For seven days this past February, Google opened up an opportunity to residents of the 50 United States and the District of Columbia to submit an application to become a Glass Explorer.
The application process included a mandatory essay of 50 words or less along with the option to include one fifteen-second video or up to five photos in support of your application.
The essay had to meet five criteria:
It could not exceed fifty (50) words in length
It had to contain the phrase “#ifIhadglass”
It had to address the statement “What I would do if I had Glass”
It had to be posted publicly on Twitter or Google+
It had to be in English
Summoning everything I had learned in freshman English class I came up with this:
#ifihadglass I could teach the world to #crochet with awesome and exciting #crochet videos.
I had met the first three goals without much trouble but hit a slight hurdle on the fourth criteria.
I had originally intended to submit my application via Twitter (where I am @crochetbug), but I had trouble figuring out how to add five photos I felt were necessary to support the application, so I ended up sending it out from my crochetbug13 Google+ account with these five photos that I felt best exemplified the true nature of crochet.
First was the taco wallet I made for a childhood friend with whom I share an affection for Taco Bell:
My next choice was a six-round rainbow hyperbolic plane crocheted around a point:
I decided that in addition to these smaller items, I should include examples of my larger projects, so for the fourth project I chose the Cookieghan:
and for the fifth project, my blue ribbon winning entry for the 2012 North Carolina State Fair:
With my entry successfully submitted, there was only one thing left to do: wait.
First I waited to find out if my project had been selected for an invitation to the Glass Explorers project (it was).
Next, I waited to receive the notice that would schedule an appointment to pick up my GLASS.
Lastly, I traveled from my home in Raleigh, North Carolina, to New York City and waited until it was time to pick up my GLASS, which, as it happens was this past Tau Day (Friday, June 28) at 5:00 pm on the 8th Floor of the Chelsea Market.
When I went to pick up my GLASS, I was allowed to bring along one friend, and Eileen Tepper of Tepper Wear fame was able to join me.
This turned out to be more fortuitous than I could have imagined.
In my rush to get from the hotel where I was staying to the 8th floor of the Chelsea Market where I needed to go to pick up my GLASS, I forgot to grab a skein of yarn and a hook.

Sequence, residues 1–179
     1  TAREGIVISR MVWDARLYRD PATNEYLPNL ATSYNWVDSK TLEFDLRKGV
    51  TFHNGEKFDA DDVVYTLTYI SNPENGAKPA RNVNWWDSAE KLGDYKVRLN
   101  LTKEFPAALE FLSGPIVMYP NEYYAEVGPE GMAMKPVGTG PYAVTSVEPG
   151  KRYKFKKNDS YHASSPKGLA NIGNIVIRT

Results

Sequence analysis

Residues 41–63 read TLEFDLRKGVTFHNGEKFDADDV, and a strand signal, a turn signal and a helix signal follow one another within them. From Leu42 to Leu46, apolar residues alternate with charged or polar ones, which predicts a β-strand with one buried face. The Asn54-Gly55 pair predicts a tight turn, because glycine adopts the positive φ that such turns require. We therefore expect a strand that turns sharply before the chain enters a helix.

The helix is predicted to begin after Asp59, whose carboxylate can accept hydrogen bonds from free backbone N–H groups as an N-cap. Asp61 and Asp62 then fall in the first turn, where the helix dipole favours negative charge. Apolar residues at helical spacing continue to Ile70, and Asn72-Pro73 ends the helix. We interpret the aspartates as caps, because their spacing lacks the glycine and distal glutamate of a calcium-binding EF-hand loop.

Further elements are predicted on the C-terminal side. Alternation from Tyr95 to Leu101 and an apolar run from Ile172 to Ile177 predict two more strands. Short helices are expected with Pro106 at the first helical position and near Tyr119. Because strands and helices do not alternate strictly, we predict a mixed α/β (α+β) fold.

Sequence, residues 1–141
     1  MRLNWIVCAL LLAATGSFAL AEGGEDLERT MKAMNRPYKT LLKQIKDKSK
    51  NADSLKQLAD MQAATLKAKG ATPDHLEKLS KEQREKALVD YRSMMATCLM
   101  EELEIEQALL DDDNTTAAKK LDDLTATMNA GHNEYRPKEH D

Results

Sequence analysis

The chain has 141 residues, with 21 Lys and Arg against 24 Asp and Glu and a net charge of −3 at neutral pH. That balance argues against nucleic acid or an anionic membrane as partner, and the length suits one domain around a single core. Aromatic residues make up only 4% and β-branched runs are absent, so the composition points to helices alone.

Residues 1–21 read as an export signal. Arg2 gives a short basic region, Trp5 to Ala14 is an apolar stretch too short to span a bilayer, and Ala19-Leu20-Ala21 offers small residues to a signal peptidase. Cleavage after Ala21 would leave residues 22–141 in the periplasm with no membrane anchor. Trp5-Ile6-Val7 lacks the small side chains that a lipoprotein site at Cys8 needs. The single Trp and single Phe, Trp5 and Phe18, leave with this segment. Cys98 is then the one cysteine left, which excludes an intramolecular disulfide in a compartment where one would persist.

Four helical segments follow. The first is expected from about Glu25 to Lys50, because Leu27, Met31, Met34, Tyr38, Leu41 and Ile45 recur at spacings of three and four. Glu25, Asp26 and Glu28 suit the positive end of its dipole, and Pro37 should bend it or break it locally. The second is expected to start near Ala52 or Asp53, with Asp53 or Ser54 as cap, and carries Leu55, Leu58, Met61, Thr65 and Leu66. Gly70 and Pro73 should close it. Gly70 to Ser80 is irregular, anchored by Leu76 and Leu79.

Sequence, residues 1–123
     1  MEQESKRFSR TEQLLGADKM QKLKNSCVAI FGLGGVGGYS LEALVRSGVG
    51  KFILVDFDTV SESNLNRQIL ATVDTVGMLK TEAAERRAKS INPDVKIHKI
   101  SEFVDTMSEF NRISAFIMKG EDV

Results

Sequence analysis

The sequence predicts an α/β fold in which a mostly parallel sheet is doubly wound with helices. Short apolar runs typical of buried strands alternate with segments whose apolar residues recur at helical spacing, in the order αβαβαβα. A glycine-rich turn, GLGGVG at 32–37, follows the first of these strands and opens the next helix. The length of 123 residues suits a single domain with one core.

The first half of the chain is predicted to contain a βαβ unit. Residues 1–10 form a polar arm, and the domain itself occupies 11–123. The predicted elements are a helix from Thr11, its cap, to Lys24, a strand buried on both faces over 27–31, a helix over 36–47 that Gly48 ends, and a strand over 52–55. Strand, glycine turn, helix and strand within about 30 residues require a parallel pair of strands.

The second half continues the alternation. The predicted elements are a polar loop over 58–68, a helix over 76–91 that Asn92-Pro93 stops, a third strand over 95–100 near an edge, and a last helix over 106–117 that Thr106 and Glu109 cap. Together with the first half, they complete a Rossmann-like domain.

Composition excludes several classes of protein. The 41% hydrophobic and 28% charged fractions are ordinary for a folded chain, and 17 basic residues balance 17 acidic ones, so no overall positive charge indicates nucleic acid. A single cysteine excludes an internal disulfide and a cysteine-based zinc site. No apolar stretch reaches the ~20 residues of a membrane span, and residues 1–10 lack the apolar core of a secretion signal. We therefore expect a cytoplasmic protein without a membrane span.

As I maneuvered my way through the masses of people out on the street in the run up to rush hour, I was reminded of the lines in Ogden Nash’s poem “When You Say That, Smile” which read:
Only the gamefish swims upstream,
But the sensible fish swims down.
Game fish that I was, I made my way as quickly as I could, and arrived at the front of the Chelsea Market with 8 minutes to spare. After quick hellos and a sweaty hug from me, Eileen and I made our way via elevator to the 8th floor where our IDs were checked and we were issued a guest badge to wear while we were there:
Then we met a young woman who helped me get started with GLASS, and while in my haste I had forgotten to grab anything to crochet with, Eileen came to my rescue and loaned me a hook and a skein of yarn so that I could get some sense of how the video function of GLASS would work.
After I had at least a rudimentary understanding of how the functions I would use most worked, Eileen and I turned in our badges, packed up, and headed out to get dinner and enjoy what was left of a lovely summer evening.
As can be seen in this photo, my outdoor office is the perfect foil for the GLASS bag:
and it coordinates equally well with the GLASS itself:
For the most part, I am very happy with my first video efforts with GLASS, but I am still working out some glitches in making the videos available at Youtube.
I am not the most comfortable early adopter on the planet. I know that much of the technology and features I struggle with are second nature to a younger, more agile brain, but my goal has always been to bring the joy of crochet to as many people as is humanly possibly, and with this new tool added to my arsenal, I am looking to forward to doing exactly that.